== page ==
Delegates have, however, rejected the idea of increasing outpot, a move that could bring prices down.
Pier Luigi Bersani, Italy's outgoing development minister, said that the price of crude oil will affect inflation in nations that do not produce oil and are dependent on oil-exporting counties.
"The price of oil has had an impact on the inflation dynamic in many countries and it is reflected in part also on foodstuffs in general," he said.
"This dynamic will persist for all of 2008."
|Scaroni, left, said profits had decreased [EPA]|
Paolo Scaroni, chief executive of Eni, Italy's biggest oil and gas company, said that even the share of profits taken by governments of oil-rich nations had begun eating into the profits of international oil companies, and in many cases exceeded the capital costs of the companies.
Scaroni said that this made it difficult for international oil companies to survive in the global market and in turn had an impact on the end user.
"The average government share is now moving to overcome the critical barrier of 90 per cent, which means that oil companies' profitability is decreasing," he said.
"The balance of power between international energy companies and producing nations is changing, and not in our favour. Oil companies need to profoundly rethink their business model in order to survive and prosper."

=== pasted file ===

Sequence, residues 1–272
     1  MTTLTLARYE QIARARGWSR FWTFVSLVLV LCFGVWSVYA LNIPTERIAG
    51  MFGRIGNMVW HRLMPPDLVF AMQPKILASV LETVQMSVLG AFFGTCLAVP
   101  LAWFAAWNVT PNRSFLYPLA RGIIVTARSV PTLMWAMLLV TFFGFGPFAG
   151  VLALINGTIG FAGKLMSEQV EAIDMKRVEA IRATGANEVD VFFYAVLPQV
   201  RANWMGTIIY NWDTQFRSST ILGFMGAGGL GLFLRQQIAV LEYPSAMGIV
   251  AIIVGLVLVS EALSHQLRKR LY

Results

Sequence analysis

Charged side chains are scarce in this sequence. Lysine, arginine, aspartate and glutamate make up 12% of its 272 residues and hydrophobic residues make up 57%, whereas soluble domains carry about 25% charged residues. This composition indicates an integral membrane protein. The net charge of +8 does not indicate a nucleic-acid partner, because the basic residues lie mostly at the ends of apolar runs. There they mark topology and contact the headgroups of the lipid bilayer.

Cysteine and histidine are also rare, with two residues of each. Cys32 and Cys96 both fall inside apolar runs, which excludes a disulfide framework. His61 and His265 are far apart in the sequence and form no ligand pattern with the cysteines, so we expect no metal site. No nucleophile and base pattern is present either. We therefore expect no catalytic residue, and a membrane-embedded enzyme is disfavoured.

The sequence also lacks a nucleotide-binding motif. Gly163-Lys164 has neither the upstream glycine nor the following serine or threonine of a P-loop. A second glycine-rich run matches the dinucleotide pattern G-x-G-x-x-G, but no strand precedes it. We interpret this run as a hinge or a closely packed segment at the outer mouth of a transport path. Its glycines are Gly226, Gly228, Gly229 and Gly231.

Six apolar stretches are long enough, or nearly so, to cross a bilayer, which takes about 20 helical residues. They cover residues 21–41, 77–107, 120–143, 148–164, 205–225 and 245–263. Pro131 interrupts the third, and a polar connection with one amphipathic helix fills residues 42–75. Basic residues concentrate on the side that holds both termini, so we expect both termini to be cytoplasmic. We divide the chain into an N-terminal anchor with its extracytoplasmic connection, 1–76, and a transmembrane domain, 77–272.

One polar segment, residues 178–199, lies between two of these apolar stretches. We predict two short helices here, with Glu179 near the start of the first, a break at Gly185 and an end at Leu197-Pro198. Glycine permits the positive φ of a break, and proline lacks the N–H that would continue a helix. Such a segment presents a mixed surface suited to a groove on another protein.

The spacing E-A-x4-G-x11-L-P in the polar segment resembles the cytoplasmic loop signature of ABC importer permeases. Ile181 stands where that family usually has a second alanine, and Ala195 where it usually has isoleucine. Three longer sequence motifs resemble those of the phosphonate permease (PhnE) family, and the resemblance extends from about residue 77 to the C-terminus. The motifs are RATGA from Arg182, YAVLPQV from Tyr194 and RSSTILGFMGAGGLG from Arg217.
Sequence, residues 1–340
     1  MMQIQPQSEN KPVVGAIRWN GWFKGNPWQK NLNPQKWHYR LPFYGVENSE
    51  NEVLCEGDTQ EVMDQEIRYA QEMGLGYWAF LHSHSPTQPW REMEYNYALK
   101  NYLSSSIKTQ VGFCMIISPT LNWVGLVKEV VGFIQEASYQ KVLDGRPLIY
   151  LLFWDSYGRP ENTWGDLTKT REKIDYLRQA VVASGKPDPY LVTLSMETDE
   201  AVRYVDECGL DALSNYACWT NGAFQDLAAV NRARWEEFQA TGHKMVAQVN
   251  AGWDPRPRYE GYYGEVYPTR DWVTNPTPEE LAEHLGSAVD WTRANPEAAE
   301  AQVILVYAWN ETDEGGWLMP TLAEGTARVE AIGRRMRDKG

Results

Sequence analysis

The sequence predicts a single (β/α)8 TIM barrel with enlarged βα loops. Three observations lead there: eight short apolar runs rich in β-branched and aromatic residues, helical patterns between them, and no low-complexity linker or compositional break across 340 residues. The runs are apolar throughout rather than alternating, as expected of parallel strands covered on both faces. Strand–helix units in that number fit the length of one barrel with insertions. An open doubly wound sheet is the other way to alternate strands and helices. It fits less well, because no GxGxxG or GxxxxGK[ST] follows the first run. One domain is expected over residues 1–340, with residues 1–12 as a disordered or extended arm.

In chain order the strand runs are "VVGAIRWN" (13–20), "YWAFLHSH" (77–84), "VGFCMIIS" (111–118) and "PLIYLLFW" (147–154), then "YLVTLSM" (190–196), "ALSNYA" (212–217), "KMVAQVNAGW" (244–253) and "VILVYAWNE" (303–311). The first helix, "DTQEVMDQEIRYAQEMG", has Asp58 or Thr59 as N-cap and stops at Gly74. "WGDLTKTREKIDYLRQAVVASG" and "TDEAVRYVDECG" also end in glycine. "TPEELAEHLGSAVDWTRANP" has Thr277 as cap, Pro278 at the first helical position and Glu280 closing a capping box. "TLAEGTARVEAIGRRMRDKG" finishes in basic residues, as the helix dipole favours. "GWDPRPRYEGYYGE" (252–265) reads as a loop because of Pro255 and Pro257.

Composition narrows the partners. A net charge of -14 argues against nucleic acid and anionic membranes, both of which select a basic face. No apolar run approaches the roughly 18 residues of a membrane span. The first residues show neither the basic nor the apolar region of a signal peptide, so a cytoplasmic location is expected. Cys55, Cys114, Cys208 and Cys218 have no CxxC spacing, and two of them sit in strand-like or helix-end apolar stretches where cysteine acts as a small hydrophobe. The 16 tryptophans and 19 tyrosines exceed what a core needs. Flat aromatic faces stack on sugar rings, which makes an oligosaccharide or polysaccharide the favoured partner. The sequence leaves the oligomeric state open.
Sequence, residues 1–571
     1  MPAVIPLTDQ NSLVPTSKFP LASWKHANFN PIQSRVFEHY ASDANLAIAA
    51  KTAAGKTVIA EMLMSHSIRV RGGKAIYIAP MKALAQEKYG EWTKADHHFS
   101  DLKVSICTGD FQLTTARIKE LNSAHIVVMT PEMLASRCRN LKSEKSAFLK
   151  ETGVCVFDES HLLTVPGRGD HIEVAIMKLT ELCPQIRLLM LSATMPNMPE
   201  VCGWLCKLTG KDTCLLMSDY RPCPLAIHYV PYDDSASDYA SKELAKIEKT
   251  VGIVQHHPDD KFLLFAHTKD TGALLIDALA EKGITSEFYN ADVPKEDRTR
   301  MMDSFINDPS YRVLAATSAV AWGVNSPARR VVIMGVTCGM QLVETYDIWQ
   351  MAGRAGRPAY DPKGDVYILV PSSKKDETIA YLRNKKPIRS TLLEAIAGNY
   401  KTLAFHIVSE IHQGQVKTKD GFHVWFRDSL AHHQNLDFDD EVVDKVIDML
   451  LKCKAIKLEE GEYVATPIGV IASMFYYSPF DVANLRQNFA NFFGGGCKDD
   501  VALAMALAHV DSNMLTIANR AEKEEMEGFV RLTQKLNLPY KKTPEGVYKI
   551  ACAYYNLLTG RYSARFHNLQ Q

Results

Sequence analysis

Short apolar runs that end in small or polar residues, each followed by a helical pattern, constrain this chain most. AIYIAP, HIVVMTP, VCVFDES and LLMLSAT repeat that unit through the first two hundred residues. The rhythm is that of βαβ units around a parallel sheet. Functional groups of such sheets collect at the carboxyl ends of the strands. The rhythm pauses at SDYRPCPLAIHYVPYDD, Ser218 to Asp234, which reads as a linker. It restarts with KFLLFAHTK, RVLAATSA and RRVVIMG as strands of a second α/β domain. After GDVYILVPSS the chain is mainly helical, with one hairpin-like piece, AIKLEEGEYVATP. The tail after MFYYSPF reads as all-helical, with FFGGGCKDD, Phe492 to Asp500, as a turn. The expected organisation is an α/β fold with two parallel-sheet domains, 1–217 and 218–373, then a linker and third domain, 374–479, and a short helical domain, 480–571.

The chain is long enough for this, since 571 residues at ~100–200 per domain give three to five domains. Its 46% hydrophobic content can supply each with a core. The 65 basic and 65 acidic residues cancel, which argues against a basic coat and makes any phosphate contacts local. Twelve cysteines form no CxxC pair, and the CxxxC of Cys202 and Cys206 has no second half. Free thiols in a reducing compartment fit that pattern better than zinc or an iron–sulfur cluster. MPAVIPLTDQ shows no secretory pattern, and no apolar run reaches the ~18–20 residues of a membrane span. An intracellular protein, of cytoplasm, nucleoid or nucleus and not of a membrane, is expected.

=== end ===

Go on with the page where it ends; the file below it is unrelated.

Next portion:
The Italian minister also said that the share of global crude reserves held by international oil companies had dropped to six per cent, from 75 per cent in the 1970s.
Manoucher Takin, from the Centre for Global Energy Studies, told Al Jazeera that global oil prices were decided by multiple factors.
"At the moment, the fundamentals are tight and this trend will continue for a while," he said.
Takin said that an extended winter in Europe and Asia had further complicated the situation.
"There has been an increase in the demand for diesel and heating oil in Europe and Asia because of an extended winter, this year.
"This demand has increased enormously over the last few months."
Takin said that it was the low level of crude oil inventories around the world that had made the international market panic.
"There is a very low level of inventory in oil and oil products, which is also another factor in the increase in the price of crude oil."
Takin attributed the falling value of the US dollar to a direct increase in the cost per barrel of crude oil.